Therefore, the decision not to take medication when warranted is not effective in protecting breastfed babies. 

Next, let’s talk about what’s safe and where to begin regarding medication while breastfeeding.

Starting psychiatric medication while breastfeeding

SSRIs and breastfeeding

SSRIs are the first line of treatment for most PMADs, as they are the most commonly prescribed to treat anxiety and depression and have been the most well-studied. 

There are several different types of SSRIs, but the common ones include:

  • Zoloft
  • Prozac
  • Lexapro
  • Celexa

Each medication has a unique side effect profile but ultimately works similarly.

Sertraline (Zoloft) tends to be the most commonly prescribed SSRI, as it’s been the most well-studied during the perinatal period; however, genetics determine a drug’s side effects and efficacy on an individual.

Let your doctor know if you or a family member has a history of responding well to a specific SSRI.

Note: SNRIs may be tried after two failed SSRI trials. Consult a prescriber well-versed in maternal mental health as needed.

Bipolar medications and breastfeeding

On the other hand, whether mood stabilizers used to treat bipolar (like Lithium) and antipsychotics for psychotic disorders (like Haldol, Zyprexa, Risperdal, and Seroquel) are safe during breastfeeding is more controversial. 

Mothers with a history of bipolar disorder or those experiencing mania or psychosis should consult a reproductive psychiatrist.

Breastfeeding may be discouraged depending on the medication prescribed and dosage. Donor breast milk can be considered in these instances.  

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Consider the number of exposures when starting medication while breastfeeding

Regarding safety, we want to look at the number of things a baby is exposed to. 

A mental health condition is an exposure. Medication is an exposure. We can’t completely avoid exposures, but ideally, we can minimize the number of exposures introduced. 

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When beginning medication, experts advise maximizing the dose of one medication first before switching to a new medication to limit the number of exposures to new medications. 

I often work with moms already taking medication to treat depression or anxiety, but symptoms are significant, and the medication dosage isn’t high enough to be effective postpartum.

Commonly, these moms are reluctant to increase the dosage, fearing that the baby will be getting even more of the drug into their system. Increasing the dosage to eliminate symptoms of PMAD is generally advised and in everyone’s best interest. 

Breastfeeding may be discouraged if multiple medications are necessary simultaneously, increasing the number of simultaneous exposures.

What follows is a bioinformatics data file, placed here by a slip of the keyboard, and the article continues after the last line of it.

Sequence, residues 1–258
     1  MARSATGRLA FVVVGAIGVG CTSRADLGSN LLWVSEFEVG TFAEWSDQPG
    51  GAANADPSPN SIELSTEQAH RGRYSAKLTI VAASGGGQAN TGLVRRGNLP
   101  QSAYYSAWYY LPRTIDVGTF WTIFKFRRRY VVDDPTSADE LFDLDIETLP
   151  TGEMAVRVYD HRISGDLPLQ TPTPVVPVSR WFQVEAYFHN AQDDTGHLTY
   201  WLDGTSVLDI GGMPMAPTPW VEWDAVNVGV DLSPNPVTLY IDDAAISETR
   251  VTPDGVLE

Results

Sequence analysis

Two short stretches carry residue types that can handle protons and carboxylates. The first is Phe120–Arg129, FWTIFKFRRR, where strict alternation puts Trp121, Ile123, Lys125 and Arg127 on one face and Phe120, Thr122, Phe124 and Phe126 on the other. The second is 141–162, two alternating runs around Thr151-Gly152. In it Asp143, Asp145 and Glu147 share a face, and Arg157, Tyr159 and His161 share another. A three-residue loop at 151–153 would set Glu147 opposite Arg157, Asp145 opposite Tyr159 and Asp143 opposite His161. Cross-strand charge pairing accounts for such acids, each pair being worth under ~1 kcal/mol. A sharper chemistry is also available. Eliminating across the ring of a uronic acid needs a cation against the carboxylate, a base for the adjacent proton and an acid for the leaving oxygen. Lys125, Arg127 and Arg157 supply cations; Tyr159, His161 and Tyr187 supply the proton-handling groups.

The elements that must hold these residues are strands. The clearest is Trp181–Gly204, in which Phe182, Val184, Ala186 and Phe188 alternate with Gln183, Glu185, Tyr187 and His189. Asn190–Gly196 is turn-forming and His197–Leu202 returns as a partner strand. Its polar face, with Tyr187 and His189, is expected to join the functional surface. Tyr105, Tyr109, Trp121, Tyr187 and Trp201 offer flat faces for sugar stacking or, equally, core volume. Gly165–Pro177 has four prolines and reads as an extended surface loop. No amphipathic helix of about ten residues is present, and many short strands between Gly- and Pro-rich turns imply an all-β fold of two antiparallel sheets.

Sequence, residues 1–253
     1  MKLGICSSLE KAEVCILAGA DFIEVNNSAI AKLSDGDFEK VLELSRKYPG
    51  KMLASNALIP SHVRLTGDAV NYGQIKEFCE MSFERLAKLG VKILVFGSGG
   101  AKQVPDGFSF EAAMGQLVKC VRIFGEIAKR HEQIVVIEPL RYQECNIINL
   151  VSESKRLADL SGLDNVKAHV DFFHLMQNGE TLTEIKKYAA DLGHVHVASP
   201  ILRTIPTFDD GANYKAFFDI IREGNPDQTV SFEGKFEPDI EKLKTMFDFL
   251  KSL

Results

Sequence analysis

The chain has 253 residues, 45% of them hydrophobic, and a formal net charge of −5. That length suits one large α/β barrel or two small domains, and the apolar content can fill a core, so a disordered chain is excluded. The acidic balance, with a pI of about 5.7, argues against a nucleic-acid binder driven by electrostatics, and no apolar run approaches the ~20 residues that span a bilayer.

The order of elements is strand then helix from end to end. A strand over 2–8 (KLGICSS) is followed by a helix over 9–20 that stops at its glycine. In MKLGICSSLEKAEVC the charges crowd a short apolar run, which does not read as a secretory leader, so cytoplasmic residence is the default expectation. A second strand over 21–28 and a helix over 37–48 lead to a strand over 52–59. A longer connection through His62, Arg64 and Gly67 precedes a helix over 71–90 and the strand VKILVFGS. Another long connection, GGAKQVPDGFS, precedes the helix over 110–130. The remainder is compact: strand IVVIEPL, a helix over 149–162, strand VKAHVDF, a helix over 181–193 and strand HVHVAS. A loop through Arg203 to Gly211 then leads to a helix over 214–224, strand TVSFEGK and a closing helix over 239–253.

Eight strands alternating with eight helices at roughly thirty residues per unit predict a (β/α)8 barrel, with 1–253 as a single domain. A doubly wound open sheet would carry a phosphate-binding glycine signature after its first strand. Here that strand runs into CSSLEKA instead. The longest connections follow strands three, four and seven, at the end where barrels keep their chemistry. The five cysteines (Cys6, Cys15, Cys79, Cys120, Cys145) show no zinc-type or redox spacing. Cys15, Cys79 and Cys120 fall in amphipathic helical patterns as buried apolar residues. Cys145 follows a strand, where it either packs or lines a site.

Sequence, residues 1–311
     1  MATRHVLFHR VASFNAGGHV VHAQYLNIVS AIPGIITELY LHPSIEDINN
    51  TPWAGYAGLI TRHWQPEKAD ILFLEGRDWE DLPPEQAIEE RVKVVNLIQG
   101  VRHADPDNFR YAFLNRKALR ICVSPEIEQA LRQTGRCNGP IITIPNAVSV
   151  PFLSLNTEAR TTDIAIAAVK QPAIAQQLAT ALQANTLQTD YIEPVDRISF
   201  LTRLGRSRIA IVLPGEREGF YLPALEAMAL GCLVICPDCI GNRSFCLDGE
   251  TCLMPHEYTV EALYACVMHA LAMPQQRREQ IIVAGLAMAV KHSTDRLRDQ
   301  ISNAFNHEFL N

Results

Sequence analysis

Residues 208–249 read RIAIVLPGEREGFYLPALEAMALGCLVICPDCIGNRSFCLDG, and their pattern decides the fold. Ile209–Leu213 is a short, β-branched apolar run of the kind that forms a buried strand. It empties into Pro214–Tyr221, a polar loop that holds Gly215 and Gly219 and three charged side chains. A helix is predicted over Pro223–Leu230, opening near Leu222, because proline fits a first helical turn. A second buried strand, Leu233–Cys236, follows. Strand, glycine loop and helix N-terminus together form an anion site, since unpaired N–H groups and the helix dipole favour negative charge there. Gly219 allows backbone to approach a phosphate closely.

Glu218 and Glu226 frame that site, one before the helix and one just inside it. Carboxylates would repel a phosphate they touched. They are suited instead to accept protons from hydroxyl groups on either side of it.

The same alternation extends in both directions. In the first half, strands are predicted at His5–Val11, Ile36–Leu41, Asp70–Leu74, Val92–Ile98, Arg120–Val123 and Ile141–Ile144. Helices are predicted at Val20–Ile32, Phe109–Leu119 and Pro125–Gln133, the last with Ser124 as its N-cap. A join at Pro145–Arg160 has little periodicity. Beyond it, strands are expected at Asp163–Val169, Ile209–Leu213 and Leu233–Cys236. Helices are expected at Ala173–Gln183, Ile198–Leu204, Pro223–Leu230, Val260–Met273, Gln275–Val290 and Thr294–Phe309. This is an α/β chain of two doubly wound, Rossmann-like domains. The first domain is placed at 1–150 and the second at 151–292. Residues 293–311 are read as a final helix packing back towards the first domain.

What to expect when taking medications postpartum (including common side effects)

Most psychotropic medications – excluding Benzodiazepines (i.e., Xanax, Ativan, Valium), explicitly prescribed for anxiety/panic attacks – should be taken daily rather than “as needed,” so don’t discontinue or skip doses, even if you are feeling much better.

Try taking them in the morning, with food, to decrease the risk of nausea. If you find them sedating, switch to taking them in the evening.

It can take up to four weeks for the medication to be fully effective, so be patient and ensure you’re on an adequate dose before trying something else. 

I find that clients often wait for medication to “kick in,” expecting to feel a significant shift, but it’s only in looking back (“Wow, I forgot I ever felt that bad!”) that they realize the medication is working.

Consider asking friends and family members to weigh in on how you seem to be doing, as they may notice a change before you do. 

Discuss your concerns about side effects (activating/sedating, weight fluctuations, etc.) with your prescriber.

The most common temporary side effects include:

  • Mild nausea
  • GI distress
  • Insomnia
  • Feelings of sedation
  • Headaches
  • Increased anxiety or jitteriness

Most side effects are resolved within three to seven days. 

How long will I have to take medication?

The postpartum period is delicate, with many changes, hormonal shifts, and healing. Taking medication does not mean you are signing up for a lifetime of being medicated, but giving them time to help fully is essential. 

Consult with your prescriber, but I always advise clients to continue on most psychotropic medication for at least six months to a year from when they feel “normal again.”

This is because it takes approximately six to nine months for neurotransmitters in the brain to normalize. If you stop medication too soon, you risk a relapse. 

When you’re ready to stop medication, work with your prescriber to taper off the pills slowly over a few weeks to a few months. Tapering off (versus quitting cold-turkey) can help alleviate side effects like headaches. 

Final thoughts on psychotropic medications and breastfeeding

Medications work, and most are safe. The American Journal of Obstetrics and Gynecology says, “When a psychiatric condition necessitates pharmacotherapy, the benefits of such therapy far outweigh the minimal potential risks.” 

Babies deserve to have healthy moms who can feel good and enjoy motherhood. You don’t have to suffer. Help is available, and by accepting help, you ultimately act in your baby’s best interest.

Author’s Note: I am not a prescribing physician: however, I have obtained advanced training and certification in maternal mental health through Postpartum Support International.

If you’re experiencing overwhelm or symptoms of a PMAD, check out my Empowered Motherhood course to help you learn and implement strategies on your wellness in parenting journey.

For help finding a reproductive psychiatrist in your area, visit the PSI Directory and enter “psychiatry” and your zip code into the search boxes.

Additional resources on medications and breastfeeding

For the most up-to-date information on medications and their effects on breastfeeding, check out the following resources:

Other resources you might find helpful